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The Spokesman-Review Newspaper
Spokane, Washington  Est. May 19, 1883

High-flavanol cocoa offers skin benefits

Joe Graedon M.S.

Q. I’ve recently read that dark chocolate can help the skin resist the ultraviolet rays of the sun due to its antioxidant qualities. Is that really true?

A. You would need to consume high-flavanol (antioxidant) chocolate or cocoa for several months to get this benefit. In one study, women were randomly assigned to drink either high-flavanol or low-flavanol cocoa for three months. The response to ultraviolet exposure was measured at the beginning and end of the trial. Skin reddening dropped 25 percent in the women on high-flavanol cocoa (Journal of Nutrition, June 2006).

Another investigation had a similar design, but the subjects were given conventional low-flavanol dark chocolate or special high-flavanol dark chocolate (Journal of Cosmetic Dermatology, September 2009). After 12 weeks, the high-flavanol group could manage twice as much UV before burning. Supplements such as CocoaVia offer flavanols without the fat and calories of candy.

Q. Have you heard about maca root for low libido in postmenopausal women? I am looking for natural ways to boost my libido.

Olive oil and coconut oil help vaginal dryness, but my problem now is having no interest in intercourse. My husband and I have a good relationship, and he is being very patient with me. I am only 53 and miss that intimacy in our relationship.

A. Maca root comes from a Peruvian plant (Lepidium meyenii) belonging to the mustard family. Although this natural remedy has a reputation for boosting libido, there is little good data. One small study did find that maca root helped overcome the sexual side effects from common antidepressants such as fluoxetine or paroxetine (CNS Neuroscience and Therapeutics, Fall 2008).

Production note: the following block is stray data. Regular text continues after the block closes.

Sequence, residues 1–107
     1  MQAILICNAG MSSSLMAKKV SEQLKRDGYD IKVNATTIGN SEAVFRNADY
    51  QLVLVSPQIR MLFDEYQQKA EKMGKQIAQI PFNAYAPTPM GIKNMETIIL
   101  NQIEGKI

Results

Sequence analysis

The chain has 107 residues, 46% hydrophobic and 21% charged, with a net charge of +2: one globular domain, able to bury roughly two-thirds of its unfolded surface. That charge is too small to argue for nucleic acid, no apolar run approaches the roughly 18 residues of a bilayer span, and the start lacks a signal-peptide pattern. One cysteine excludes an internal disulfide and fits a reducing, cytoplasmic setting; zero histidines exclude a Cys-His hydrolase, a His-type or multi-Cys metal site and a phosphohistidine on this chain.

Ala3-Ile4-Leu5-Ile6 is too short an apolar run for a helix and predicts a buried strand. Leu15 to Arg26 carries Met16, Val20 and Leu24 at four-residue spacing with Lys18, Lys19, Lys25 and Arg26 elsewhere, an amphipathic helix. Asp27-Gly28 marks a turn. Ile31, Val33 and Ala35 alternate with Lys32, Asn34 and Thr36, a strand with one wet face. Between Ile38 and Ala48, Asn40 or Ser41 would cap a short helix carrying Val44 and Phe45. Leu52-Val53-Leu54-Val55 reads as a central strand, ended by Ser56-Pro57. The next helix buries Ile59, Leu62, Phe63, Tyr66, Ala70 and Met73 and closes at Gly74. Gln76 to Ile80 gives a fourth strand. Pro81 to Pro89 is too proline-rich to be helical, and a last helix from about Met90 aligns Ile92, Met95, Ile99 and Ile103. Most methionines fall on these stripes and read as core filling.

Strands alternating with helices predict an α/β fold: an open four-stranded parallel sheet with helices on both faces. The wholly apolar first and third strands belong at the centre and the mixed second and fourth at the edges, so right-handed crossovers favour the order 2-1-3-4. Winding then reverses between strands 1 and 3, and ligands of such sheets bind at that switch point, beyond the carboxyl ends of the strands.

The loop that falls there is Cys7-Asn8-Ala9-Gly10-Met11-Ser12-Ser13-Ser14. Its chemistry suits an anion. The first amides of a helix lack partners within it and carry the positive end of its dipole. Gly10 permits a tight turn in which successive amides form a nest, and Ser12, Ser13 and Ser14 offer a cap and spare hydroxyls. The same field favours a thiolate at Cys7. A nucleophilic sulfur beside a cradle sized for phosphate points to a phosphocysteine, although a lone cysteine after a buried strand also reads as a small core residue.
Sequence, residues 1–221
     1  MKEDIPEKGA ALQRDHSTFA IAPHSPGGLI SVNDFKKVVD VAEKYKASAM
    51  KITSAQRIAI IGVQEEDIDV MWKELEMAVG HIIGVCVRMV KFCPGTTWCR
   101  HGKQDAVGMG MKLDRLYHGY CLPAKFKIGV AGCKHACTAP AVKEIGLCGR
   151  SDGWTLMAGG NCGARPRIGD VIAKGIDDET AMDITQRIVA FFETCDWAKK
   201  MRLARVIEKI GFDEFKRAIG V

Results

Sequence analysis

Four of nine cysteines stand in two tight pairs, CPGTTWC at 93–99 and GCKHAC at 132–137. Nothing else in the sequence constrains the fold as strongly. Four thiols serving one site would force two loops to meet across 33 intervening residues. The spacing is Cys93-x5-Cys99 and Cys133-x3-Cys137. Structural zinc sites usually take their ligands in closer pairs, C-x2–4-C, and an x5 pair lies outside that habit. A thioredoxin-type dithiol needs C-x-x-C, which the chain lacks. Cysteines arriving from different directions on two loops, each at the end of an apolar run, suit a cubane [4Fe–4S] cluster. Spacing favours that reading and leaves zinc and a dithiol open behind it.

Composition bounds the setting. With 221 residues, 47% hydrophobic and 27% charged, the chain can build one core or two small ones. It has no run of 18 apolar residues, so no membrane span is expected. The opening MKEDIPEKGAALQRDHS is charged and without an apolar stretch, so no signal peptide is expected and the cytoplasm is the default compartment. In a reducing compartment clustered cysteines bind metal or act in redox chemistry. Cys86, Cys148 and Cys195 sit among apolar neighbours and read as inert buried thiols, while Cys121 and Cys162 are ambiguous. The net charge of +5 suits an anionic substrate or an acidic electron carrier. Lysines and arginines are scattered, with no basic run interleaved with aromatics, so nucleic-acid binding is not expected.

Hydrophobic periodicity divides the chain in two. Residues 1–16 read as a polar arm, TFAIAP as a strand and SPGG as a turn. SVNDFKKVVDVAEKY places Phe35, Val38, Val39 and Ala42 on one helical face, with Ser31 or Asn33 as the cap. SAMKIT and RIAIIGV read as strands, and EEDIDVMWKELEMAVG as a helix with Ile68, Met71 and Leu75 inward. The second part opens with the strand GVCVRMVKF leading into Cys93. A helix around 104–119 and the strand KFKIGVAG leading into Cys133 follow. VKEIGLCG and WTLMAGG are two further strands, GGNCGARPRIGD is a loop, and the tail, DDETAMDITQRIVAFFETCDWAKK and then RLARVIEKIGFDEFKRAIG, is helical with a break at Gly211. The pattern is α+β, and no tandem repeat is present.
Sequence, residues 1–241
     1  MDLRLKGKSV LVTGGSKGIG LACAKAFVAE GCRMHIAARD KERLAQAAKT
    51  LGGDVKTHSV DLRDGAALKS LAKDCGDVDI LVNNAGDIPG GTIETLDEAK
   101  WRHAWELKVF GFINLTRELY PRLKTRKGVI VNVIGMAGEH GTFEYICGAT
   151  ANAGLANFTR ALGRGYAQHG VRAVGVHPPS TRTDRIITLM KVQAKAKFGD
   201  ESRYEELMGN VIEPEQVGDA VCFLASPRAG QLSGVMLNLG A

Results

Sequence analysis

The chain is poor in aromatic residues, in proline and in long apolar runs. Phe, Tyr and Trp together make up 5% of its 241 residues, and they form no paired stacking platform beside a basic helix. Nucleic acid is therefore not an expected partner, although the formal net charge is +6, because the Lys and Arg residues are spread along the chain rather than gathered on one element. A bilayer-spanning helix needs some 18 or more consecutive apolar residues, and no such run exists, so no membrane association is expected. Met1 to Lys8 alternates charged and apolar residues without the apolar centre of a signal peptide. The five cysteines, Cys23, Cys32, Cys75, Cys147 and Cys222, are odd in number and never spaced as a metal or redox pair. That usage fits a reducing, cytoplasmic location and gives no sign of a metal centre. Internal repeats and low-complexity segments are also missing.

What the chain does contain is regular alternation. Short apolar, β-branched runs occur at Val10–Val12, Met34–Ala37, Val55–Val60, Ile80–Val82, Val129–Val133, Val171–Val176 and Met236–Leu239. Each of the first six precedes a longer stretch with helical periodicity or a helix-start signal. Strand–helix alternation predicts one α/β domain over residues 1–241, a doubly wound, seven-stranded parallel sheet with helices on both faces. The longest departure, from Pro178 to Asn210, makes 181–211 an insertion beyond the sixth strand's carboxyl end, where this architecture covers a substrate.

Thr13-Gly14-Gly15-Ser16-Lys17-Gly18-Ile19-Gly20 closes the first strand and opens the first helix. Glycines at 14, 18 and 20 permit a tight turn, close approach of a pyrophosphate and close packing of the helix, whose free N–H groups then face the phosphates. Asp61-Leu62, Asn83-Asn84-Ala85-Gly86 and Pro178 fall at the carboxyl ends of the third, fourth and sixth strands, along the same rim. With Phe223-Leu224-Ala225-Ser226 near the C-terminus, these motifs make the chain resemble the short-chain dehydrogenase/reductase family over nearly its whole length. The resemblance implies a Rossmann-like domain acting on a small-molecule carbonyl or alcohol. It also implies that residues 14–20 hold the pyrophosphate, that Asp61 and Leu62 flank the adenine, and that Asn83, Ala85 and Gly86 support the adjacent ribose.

A review of the four best randomized controlled trials of maca concluded, “The results of our systematic review provide limited evidence for the effectiveness of maca in improving sexual function.” (BMC Complementary and Alternative Medicine, Aug. 6, 2010). Another study suggests that maca might ease symptoms of menopause (Maturitas, November 2011).

For more information on ways to ease menopausal symptoms, we are sending you our Guide to Menopause. Anyone who would like a copy, please send $3 in check or money order with a long (No. 10), stamped (66 cents), self-addressed envelope to: Graedons’ People’s Pharmacy, No. W-50, P.O. Box 52027, Durham, NC 27717-2027. It also can be downloaded for $2 from our website:

Q. I had a huge wart on my index finger and other small ones on my hand. I also had plantar warts on the ball of my foot and on many toes.

Freezing them off was very painful, and they came back. Compound W, duct tape and banana peel didn’t work. I started soaking in Dead Sea salts from Israel. The warts slowly started getting smaller and eventually died.

I soaked every morning and sometimes twice a day after I realized they were shrinking. It has been more than a year, and I’m still wart-free!

A. We have read that Dead Sea salts improve the barrier function of the skin and can ease eczema symptoms (International Journal of Dermatology, February 2005) and psoriasis (Seminars in Arthritis and Rheumatism, October 2012). Yours is the first report we have received that such a solution might work against warts.

In their column, Joe and Teresa Graedon answer letters from readers. Write to them in care of this newspaper or email them via their Web site: